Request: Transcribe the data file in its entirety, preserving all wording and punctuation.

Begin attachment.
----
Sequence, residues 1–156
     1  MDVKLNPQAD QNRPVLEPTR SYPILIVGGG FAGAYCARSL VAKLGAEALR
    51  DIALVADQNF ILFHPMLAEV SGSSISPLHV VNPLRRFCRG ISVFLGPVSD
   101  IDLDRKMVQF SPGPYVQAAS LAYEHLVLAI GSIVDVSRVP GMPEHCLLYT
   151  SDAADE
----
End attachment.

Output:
Sequence, residues 1–156
     1  MDVKLNPQAD QNRPVLEPTR SYPILIVGGG FAGAYCARSL VAKLGAEALR
    51  DIALVADQNF ILFHPMLAEV SGSSISPLHV VNPLRRFCRG ISVFLGPVSD
   101  IDLDRKMVQF SPGPYVQAAS LAYEHLVLAI GSIVDVSRVP GMPEHCLLYT
   151  SDAADE